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Do you qualify for research and development tax credits?

Whatever sector your business lies in, any innovation or new commercial technology that you produce will not only drive growth and help your business make a name for itself, but it could also make you eligible for research and development tax credits. Introduced as an incentive for businesses to produce innovative products and push technological advancements, R&D tax relief could help your business, giving you the financial incentive to take your technology further and aid future growth. Read our in-depth guide to research and development tax relief for a better understanding of whether you qualify and how it could help you.

What is research and development tax credit? 

Research and development (R&D) tax credits are a government incentive to reward companies for investing in innovation. Under R&D tax credits, companies that invest in new products and services are eligible to offset extra profit against these expenses.   

There are two key tax incentives for revenue expenditure on research and development for companies. They are: 

  1. Small or medium-sized (SME) R&D relief 
  2. R&D expenditure credit (for large companies) 

Companies may also be able to claim R&D capital allowances for any capital expenditure they may have on R&D. It is worth noting that the R&D relief is only available to companies and not to partnerships or individuals.  

What is the small or medium-sized (SME) R&D relief? 

Small or medium-sized enterprises (SMEs) may apply for R&D tax relief if the company has: 

  • Fewer than 500 employees 
  • A turnover of less than €100 million or a balance sheet total of under €86 million 

An SME may need to include the figures of connected companies and partner companies when working out if they’re an SME. Having external investors can also impact whether a company is considered an SME. You cannot claim SME R&D relief if the project is already receiving notifiable state aid or you have been subcontracted by another company.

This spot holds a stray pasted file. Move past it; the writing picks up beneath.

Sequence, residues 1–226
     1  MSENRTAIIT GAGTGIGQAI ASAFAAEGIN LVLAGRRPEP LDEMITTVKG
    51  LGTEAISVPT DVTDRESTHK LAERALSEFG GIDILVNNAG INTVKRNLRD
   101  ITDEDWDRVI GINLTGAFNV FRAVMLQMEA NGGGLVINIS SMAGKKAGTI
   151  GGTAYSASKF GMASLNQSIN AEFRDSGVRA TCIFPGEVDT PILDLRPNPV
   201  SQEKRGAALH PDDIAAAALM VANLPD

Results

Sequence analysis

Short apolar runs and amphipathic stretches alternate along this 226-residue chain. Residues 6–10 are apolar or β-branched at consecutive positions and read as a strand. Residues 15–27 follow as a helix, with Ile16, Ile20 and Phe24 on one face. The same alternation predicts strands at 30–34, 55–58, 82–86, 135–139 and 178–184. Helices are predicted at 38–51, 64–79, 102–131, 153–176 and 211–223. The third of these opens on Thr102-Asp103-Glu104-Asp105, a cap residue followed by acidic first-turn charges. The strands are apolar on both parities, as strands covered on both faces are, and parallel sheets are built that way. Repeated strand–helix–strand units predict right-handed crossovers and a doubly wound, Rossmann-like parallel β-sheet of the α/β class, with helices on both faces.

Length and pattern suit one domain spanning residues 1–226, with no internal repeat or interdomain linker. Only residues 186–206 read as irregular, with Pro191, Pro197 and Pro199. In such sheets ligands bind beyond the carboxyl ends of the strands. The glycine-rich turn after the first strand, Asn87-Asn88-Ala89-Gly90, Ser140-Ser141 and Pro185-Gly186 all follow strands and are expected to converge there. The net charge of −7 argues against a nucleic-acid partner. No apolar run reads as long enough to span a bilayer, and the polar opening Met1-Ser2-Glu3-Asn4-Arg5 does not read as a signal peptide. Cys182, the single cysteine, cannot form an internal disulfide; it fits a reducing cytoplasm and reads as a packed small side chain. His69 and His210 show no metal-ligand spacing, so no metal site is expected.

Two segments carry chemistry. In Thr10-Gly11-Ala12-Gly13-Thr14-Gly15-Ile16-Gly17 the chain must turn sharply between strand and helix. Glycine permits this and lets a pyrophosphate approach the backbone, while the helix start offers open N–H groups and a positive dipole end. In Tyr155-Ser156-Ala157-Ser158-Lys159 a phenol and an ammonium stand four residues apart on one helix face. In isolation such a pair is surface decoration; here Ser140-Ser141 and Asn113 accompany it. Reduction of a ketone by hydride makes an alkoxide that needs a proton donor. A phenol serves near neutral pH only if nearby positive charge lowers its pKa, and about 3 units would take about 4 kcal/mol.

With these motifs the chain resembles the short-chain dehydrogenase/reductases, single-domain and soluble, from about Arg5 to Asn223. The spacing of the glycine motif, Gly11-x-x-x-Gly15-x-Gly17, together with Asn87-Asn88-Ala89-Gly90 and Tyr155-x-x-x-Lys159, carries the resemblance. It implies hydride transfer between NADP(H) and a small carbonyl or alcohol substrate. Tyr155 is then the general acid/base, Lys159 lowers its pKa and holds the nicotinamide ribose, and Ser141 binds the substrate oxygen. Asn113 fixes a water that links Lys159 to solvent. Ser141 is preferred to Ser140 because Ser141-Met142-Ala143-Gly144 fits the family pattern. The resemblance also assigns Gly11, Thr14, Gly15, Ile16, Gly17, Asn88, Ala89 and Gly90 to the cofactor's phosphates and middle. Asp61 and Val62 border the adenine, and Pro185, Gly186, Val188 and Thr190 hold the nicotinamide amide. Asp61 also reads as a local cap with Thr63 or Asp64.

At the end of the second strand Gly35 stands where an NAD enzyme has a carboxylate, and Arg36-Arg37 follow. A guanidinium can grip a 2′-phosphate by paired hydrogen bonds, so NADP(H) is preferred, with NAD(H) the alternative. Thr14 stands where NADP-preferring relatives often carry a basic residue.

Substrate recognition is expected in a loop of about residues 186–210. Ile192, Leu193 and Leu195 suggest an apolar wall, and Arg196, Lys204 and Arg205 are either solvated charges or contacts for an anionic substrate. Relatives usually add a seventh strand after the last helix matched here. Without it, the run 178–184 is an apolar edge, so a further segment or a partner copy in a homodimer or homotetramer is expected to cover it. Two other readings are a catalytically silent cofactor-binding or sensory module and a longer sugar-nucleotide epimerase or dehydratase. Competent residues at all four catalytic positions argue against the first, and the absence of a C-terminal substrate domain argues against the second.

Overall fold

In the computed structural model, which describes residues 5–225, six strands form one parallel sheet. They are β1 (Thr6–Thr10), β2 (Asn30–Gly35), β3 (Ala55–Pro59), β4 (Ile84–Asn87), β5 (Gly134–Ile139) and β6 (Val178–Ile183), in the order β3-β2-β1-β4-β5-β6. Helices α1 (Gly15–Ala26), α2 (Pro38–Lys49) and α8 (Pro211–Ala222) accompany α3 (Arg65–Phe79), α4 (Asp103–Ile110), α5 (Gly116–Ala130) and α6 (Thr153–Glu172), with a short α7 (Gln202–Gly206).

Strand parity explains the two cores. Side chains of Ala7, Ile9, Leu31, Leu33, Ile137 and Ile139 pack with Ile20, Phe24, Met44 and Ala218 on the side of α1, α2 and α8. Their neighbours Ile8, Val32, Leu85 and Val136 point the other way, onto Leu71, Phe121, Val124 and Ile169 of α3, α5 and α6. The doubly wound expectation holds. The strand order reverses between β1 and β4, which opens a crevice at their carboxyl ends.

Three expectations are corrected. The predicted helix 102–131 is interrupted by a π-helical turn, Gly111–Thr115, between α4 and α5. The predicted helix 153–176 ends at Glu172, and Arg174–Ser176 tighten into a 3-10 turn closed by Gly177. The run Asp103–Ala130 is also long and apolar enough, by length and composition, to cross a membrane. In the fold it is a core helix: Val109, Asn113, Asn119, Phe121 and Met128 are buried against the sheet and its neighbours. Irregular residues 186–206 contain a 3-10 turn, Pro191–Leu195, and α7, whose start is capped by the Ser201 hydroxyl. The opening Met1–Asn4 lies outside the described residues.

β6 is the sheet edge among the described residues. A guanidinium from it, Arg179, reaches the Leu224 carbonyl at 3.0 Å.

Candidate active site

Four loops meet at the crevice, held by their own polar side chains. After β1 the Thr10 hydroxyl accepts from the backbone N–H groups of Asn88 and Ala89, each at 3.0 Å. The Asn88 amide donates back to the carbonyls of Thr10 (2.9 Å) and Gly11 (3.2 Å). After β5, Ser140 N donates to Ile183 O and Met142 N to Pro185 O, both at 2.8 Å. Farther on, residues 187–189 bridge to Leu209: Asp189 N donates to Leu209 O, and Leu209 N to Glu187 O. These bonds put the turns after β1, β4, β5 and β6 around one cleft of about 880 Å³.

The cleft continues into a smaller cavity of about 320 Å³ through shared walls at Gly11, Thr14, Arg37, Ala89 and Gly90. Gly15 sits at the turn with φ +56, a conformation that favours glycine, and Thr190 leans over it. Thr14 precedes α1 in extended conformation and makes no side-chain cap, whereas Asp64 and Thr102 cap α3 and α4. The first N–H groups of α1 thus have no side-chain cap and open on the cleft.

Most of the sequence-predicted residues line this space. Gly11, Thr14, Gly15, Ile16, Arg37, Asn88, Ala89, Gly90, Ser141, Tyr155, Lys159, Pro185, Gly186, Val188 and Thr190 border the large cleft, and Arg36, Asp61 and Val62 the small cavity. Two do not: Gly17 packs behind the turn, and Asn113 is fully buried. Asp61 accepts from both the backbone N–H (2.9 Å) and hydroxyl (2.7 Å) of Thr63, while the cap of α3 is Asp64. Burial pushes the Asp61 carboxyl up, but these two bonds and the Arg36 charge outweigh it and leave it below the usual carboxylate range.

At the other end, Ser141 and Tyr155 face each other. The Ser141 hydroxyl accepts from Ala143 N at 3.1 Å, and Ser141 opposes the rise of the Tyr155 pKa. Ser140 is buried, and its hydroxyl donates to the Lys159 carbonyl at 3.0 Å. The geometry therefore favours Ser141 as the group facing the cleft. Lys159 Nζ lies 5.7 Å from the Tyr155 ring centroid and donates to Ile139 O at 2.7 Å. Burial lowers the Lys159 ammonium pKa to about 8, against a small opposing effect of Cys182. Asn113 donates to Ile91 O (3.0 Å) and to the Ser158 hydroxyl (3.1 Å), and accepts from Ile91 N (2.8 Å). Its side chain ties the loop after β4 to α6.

The staff, turnover and balance sheets of connected companies should be included in your total if your company: 

  • Holds over 50% of the voting rights in another company 
  • Another company holds over 50% of the voting rights in your company 

A company is considered to have a partner company if: 

  • Another company holds over 25% of a company’s voting rights or capital 
  • If you hold over 25% of another company’s voting rights or capital 

What is considered research and development for the purposes of tax relief?  

What is considered research and development partly depends on whether a company has adopted UK GAAP or IAS for its accounting standards.  

For companies using UK GAAP, development is defined under FRS 102 as: 

'The application of research findings or other knowledge to a plan or design for the production of new or substantially improved materials, devices, products, processes, systems or services before the start of commercial production or use.'

Examples include: 

  • The design, construction and testing of prototypes and models 
  • The design, construction and operation of a pilot plant 
  • The design, construction and testing of improved materials, devices, products, processes, systems or services 
  • The design of tools, jigs, moulds and dies 

For companies using IAS, research is defined under IAS 38 as: 

'The application of research findings or other knowledge to a plan or design for the production of new or substantially improved materials, devices, products, processes, systems or services prior to the commencement of commercial production or use.

The R&D activities are also required to relate to a project which represents an advance in science or technology and it is not sufficient for a company to believe the products are innovative or cutting edge.  

According to HMRC’s R&D guidelines, science is the systematic study of the physical and material universe. Work in the arts, humanities, social sciences (including economics) and mathematics are not covered.  

What qualifies for research and development tax credit?  

Qualifying expenditure for research and development tax credit include employee costs, subcontractor costs, software, consumable items and clinical trial volunteers. 

Employee costs include: 

  • Salaries 
  • Wages 
  • Class 1 National Insurance contributions